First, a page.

Kenyan president commutes all death sentences

Mon, 24 Oct 2016 23:38:19 UT

The president's press office said Monday that some 2,747 convicts on death row will now serve life sentences. Muthoni Wanyeki, Amnesty International's regional director for East Africa, the Horn and the Great Lakes says the decision to commute all death sentences brings Kenya closer to the growing community of nations which have abolished the death penalty, calling it a cruel and inhuman form of punishment.

South African opposition says ICC withdrawal is illegal

Mon, 24 Oct 2016 21:13:36 UT

JOHANNESBURG (AP) — South Africa's main opposition party on Monday tried to block a government plan to withdraw from the International Criminal Court, saying the move is illegal and that the country's top court should intervene. The government acted unconstitutionally because it announced plans to withdraw from the human rights tribunal based in The Hague, Netherlands, without consulting the South African parliament, the Democratic Alliance party said in an affidavit asking the Constitutional Court to hear its case. Last week, South Africa notified the United Nations that it will withdraw from the treaty that created the International Criminal Court, alarming international human rights groups and raising fears of an African exodus from the court, which has more than 120 member states. [...] last week, President Pierre Nkurunziza of Burundi signed legislation to withdraw from the ICC, which had said it would investigate political violence that followed Nkurunziza's decision last year to pursue a third term, which some have called unconstitutional. In May, a court in Senegal known as the Extraordinary African Chambers, set up by the African Union, found Habre guilty of torture, mass killing, war crimes and other violations and sentenced him to life in prison. South Africa's withdrawal announcement followed a dispute last year over a visit by Sudanese President Omar al-Bashir, who is wanted by the ICC for alleged war crimes, crimes against humanity and genocide in Darfur.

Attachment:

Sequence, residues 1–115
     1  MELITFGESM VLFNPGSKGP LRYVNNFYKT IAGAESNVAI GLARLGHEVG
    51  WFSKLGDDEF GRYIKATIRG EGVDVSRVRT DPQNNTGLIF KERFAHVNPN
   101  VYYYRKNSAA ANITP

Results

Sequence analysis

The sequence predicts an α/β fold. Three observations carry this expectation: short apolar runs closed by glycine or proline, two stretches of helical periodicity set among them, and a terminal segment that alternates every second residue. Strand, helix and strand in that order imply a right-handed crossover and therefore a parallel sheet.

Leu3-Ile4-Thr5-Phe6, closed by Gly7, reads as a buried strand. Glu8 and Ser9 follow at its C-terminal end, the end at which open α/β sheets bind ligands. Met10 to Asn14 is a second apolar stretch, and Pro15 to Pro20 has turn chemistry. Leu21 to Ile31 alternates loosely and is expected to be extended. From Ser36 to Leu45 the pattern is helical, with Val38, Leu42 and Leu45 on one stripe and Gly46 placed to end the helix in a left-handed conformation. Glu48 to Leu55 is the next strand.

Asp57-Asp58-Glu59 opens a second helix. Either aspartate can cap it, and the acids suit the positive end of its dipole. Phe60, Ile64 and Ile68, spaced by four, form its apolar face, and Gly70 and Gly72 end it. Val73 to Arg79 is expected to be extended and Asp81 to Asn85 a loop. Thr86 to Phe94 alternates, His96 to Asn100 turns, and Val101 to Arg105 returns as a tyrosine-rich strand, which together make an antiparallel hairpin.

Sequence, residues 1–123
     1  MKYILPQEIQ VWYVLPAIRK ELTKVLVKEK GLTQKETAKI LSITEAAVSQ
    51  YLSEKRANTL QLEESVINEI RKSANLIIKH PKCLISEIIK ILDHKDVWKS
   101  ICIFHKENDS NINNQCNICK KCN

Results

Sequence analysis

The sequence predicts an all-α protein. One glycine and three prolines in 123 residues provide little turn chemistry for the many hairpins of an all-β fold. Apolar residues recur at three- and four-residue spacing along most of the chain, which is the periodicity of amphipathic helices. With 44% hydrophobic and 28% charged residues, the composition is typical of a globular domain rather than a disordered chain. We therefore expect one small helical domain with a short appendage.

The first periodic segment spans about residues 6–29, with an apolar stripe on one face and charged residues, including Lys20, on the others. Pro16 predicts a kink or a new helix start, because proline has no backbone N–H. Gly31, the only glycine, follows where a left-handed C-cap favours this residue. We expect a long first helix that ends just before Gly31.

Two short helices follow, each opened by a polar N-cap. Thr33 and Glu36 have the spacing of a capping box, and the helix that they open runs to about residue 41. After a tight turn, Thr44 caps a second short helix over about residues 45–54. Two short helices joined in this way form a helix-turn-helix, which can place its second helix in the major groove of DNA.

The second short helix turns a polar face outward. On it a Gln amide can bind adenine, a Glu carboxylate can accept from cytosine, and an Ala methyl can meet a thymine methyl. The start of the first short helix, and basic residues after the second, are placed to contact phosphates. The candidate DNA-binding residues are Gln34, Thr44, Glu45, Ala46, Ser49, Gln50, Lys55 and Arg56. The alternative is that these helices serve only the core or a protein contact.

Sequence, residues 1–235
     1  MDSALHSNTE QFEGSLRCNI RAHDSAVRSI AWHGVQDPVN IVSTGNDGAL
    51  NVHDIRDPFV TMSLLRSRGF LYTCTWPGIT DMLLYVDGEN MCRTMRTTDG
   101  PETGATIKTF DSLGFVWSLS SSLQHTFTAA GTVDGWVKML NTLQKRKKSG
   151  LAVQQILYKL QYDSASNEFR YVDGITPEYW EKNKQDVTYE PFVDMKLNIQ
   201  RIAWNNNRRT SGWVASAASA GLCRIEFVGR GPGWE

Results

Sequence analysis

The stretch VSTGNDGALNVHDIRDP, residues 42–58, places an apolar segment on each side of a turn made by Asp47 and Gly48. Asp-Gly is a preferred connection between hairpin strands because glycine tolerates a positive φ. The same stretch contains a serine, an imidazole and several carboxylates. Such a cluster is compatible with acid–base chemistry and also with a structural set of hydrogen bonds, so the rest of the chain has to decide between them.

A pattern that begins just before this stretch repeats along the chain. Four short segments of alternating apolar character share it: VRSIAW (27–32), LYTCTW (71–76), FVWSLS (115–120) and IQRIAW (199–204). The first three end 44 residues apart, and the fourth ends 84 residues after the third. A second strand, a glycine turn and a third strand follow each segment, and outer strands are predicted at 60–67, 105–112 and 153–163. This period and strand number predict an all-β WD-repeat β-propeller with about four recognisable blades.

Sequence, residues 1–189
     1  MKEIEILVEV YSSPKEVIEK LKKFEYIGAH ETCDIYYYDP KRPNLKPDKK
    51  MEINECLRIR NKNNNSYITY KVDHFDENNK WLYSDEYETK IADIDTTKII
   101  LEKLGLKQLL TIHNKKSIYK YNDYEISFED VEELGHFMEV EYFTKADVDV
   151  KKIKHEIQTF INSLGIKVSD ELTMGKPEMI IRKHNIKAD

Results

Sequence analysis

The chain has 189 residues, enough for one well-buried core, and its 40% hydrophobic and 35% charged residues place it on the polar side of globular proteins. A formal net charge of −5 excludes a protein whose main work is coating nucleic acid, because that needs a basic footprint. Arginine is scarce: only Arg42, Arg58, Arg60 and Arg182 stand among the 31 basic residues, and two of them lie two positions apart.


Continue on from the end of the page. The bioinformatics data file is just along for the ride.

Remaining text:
ICC oversight chief calls on South Africa, Burundi to remain

Mon, 24 Oct 2016 20:53:38 UT

Kaba acknowledged criticism that the court, based in The Hague, Netherlands, mostly prosecutes African nationals, adding "But we must also remember that these are African states that have applied to the court." Kaba spoke as South Africa's main opposition party criticized the government's decision last week to withdraw from the ICC, which has more than 120 member states.

China says hostages held by Somali pirates are freed

Mon, 24 Oct 2016 08:35:29 UT

NAIROBI, Kenya (AP) — Following more than four years in captivity, 26 Asian sailors held hostage by Somali pirates have been released from their captors, China's Foreign Ministry confirmed Monday. The 26 sailors will be repatriated to their home countries, John Steed, coordinator of the Hostage Support Partners for the U.S.-based organization Oceans Beyond Piracy, said in a statement. Most hostages held by Somali pirates have been sailors on merchant ships, although European families also have been kidnapped from their yachts while traveling in the dangerous waters.

Officers: 83 Nigerian soldiers missing in Boko Haram attack

Sun, 23 Oct 2016 18:20:44 UT

MAIDUGURI, Nigeria (AP) — Some 83 Nigerian soldiers are missing in action since Boko Haram Islamic extremists attacked a remote military base in the northeast, senior army officers said Sunday. The soldiers were unable to fight back and fled because Boko Haram had superior fire power, the officers told The Associated Press, speaking on condition of anonymity because they are not authorized to give information to reporters. President Muhammadu Buhari promised to better arm Nigeria's military when he was elected in March 2015, blaming corruption for the deaths of thousands including soldiers in the 7-year-old Islamic insurgency that has killed more than 20,000 people. Military officers also are currently facing courts-martial for allegedly selling arms and ammunition to Boko Haram, indicating the corruption bedeviling the country's fight against the Islamic extremists continues despite government efforts to halt graft.

Somali extremists retake town in central Somalia

Sun, 23 Oct 2016 16:36:29 UT

MOGADISHU, Somalia (AP) — Islamic extremist rebels recaptured a town in central Somalia after African Union and Somali troops pulled out Sunday, according to residents. Despite being ousted from major strongholds across Somalia, al-Shabab, which is allied to al-Qaida, has recently been attacking military positions of Somali and African Union troops bolstering Somalia's government.

Burkina Faso police kill suspected extremist in capital

Sun, 23 Oct 2016 16:06:20 UT